Athlete Nutrition Tips
May 26, 2019
When you’re an athlete, your entire life revolves around your sport: Your bedtime, how many hours of sleep you get each night, your social calendar, work schedule, the clothes you buy, and the foods you eat.
It’s not just the time right before a game or event that’s important. Training is one thing that will help to ensure your success. However, just as important as the physical component; strength, and endurance, are the foods you use to fuel your body for optimum performance.
But how do you know what to eat? Are there any specific tips that apply to all athletes across the board?
10 Nutrition Tips for Athletes
1. Meal Prep
Most people live in a rush. Going from school to team practice, or from work to networking events, or from the grocery store, to picking the kids up from school, to the dry cleaners, to getting gas… No matter the stage of life, most people move from one item on their “To Do” list to the next. This means that planning ahead is crucial, especially for an athlete. Take some time in the evenings to plan what you’re going to eat the next day and do some meal prepping at home. The last thing you should do is eat fast food from a drive-thru because you feel that it’s the only viable option when you’re crunched for time.
2. Research Your Sport
A person who’s running a 5K has different nutritional needs as they prep for a race than a person who’s training for a marathon. Pace, weather, and duration of athletic activity all pose unique stresses on the body. By the same token, even if you qualify for Boston, Michael Phelps likely needs more calories than you do for another Olympic stint.
3. Eat Carbohydrates
Carbohydrates serve as the main source of fuel for endurance athletes. When you consume carbs, your body processes them and turns them into glucose, then stores them as glycogen in your muscles. When you’re physically exerting, your body turns the glycogen into energy. When engaging in a sporting event that lasts longer than 90 minutes, you’ll need additional carbs to carry you through.
4. If You Don’t Feel Like Eating, Opt for Liquid Nutrition
Spending months training for an athletic event often results in jittery nerves on game/race day. As a result, eating a full breakfast might not sound appealing. If this is the case for you, go for fruit and vegetable smoothies, or yogurt.
5. Don’t Try Anything New On Game/Race Day
Even if you decide to just mix a banana with oat milk in a blender, try this and any options several times during training. The last thing you need on your big day is an upset stomach or a sudden urge for a bathroom break.
6. Avoid Fiber and High-Fat Foods Before an Athletic Event
The former will send you to the restroom, while higher fat options take longer to digest and will slow you down. If you’re having pasta, opt for marinara sauce instead of alfredo or olive oil. If you’re having toast, spread jam or a little bit of peanut butter instead of butter. Skip baked beans, oatmeal, broccoli, fast foods, cheese, and ice cream.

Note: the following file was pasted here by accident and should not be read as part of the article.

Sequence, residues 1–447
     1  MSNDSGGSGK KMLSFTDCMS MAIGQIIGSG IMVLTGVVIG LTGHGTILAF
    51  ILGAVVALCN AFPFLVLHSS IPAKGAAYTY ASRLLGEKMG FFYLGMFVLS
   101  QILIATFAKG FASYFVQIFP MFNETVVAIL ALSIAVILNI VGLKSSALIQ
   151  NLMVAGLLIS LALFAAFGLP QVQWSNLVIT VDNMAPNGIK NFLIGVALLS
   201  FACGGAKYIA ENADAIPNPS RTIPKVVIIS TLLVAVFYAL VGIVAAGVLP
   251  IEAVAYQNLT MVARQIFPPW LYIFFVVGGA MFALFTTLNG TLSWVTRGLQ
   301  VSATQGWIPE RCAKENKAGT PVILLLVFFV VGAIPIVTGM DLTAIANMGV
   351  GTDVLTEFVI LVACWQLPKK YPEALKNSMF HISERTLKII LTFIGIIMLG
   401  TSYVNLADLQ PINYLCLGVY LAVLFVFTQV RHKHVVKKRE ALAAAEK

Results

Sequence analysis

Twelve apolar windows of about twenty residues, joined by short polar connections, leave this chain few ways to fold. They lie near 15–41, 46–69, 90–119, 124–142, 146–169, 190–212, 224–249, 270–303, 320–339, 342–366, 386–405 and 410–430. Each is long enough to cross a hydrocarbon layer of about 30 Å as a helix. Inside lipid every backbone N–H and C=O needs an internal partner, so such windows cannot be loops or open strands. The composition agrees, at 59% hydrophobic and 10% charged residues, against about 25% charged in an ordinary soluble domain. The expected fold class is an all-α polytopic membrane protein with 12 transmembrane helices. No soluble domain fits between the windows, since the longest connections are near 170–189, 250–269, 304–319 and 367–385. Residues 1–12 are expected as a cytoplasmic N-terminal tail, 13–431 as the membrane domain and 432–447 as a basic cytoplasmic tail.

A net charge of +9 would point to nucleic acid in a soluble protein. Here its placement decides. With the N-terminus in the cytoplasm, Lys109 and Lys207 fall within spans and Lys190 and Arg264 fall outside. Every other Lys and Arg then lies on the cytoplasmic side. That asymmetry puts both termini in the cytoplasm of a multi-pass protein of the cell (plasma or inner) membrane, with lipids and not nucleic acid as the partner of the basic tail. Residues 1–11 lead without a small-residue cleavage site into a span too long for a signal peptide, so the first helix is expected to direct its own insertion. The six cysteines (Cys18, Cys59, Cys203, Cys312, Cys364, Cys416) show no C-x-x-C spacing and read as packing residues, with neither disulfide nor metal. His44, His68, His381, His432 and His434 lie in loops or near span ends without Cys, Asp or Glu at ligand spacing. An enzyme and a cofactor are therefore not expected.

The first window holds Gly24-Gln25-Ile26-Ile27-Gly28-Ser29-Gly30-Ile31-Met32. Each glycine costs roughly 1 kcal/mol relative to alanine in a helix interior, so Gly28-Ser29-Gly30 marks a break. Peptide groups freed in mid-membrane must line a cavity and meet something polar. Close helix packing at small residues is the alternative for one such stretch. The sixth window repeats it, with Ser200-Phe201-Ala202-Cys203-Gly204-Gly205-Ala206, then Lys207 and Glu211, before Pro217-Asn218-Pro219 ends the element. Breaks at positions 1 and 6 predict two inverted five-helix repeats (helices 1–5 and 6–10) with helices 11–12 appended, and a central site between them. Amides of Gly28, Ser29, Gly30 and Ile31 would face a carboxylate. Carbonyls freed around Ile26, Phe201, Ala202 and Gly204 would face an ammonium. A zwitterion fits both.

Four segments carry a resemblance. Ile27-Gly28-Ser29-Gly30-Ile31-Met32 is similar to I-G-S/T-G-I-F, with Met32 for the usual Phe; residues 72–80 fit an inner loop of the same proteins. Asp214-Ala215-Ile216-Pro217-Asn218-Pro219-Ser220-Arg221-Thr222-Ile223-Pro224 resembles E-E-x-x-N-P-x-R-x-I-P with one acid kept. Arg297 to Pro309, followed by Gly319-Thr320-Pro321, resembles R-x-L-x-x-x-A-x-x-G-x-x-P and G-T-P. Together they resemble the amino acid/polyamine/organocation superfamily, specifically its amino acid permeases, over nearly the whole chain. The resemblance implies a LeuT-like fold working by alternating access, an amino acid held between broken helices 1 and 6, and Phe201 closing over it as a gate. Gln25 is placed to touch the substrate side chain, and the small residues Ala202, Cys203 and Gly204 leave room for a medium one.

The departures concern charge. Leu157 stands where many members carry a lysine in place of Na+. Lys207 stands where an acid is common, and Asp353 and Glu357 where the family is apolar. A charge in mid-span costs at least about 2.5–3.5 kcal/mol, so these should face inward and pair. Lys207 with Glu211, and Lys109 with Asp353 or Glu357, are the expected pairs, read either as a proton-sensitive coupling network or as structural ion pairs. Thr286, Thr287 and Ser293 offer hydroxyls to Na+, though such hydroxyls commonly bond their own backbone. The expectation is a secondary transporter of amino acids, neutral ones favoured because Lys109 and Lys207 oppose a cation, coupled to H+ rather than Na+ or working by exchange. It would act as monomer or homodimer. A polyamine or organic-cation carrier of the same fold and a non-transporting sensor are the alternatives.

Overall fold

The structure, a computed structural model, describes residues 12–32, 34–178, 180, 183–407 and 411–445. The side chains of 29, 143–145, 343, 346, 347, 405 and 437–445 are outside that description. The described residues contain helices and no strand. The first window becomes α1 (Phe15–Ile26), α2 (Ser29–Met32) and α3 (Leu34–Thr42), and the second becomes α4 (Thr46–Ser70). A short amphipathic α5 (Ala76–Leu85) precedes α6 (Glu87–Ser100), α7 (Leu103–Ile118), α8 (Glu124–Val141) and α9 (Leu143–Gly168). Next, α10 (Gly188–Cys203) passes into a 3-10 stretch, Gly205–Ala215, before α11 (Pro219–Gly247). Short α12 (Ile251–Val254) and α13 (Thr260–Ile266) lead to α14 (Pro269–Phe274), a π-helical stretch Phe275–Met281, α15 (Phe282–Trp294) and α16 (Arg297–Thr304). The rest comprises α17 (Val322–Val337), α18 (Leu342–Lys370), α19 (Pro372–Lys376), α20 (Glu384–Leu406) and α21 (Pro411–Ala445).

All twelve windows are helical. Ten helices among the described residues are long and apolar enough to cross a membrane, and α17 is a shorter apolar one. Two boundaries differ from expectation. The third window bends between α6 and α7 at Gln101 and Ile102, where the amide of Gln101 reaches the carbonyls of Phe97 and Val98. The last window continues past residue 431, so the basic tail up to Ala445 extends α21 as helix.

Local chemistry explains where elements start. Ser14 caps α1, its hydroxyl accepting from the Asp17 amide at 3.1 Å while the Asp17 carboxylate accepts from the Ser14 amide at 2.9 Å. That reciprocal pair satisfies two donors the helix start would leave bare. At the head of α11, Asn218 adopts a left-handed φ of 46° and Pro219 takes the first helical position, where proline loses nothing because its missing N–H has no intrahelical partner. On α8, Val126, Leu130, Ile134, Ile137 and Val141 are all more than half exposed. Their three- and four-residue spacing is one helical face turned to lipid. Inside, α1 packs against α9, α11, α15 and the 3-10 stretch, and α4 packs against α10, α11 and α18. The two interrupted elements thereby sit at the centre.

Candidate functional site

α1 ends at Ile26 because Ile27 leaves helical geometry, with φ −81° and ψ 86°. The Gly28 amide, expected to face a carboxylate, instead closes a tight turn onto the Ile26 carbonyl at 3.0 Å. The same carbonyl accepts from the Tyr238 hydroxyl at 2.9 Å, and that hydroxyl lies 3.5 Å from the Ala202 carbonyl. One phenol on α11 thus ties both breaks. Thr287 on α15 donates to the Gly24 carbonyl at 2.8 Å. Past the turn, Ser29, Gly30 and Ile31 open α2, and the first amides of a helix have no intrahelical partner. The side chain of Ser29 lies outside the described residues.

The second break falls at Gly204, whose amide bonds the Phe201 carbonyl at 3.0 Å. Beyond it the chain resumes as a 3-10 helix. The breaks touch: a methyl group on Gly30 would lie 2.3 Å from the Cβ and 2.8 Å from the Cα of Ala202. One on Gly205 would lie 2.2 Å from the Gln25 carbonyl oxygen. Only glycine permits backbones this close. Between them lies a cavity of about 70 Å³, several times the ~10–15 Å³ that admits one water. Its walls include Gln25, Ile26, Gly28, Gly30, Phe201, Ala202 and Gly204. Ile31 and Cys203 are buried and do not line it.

7. Have a Snack
One or two hours before the event, eat a granola bar, half a bagel with peanut butter, or crackers for a last-minute energy store that won’t make your stomach feel heavy.
8. Replenish Glycogen and Fluids During Exercise
No matter how much you carb loaded prior to an event, if you’re out on the field or race course for several hours, you’ll need to replenish glycogen stores as well as electrolytes that were lost during exertion. Failing to do so can lead to decreased performance in a best case scenario, or a long list of health issues in the worst
9. Stay Hydrated
Sweating causes water loss as well as electrolyte loss. If not replenished, you could end up with muscle cramps, dizziness, and a headache. Fluid intake during an athletic event also helps regulate your body temperature, which is essential to stay healthy and to achieve your best performance.
Recovery is as important as fueling for an athletic event. Eating foods rich in protein will help your muscles to recover from the stress of the event. These foods include lean meats, quinoa, tofu, tempeh, edamame, lentils, potatoes, and rice and beans (together). If you opt for protein shakes, pay attention to the amount of added sugar. Going over the recommended daily amount may defeat the purpose of drinking protein powders for health reasons. Generally, this amount is 24 grams for women and 36 grams for men, but these numbers may vary depending on weight, height, body type, and any pre-existing health conditions. Always consult with your doctor before starting a new diet regimen.
How Many Hours Before a Game or Race Should You Eat?
If the athletic event will take longer than 90 minutes, start adding more carbohydrates to your meals three full days before the event. Keep in mind that while you should eat more carbs, this is not a free-for-all, “eat everything in sight” situation. You can keep eating the same amount of calories you eat on any given day. Just swap some of your usual foods for more carbohydrate-rich options. Aim for 8 to 12 grams of carbs per kilogram of body weight (one kilogram equals 2.2 pounds).
On the day of the big game or race, have a meal around three hours before the event, to give your body enough time to digest. If the game or race is very early in the morning, some athletes get up in the middle of the night to fuel and then go back to bed.
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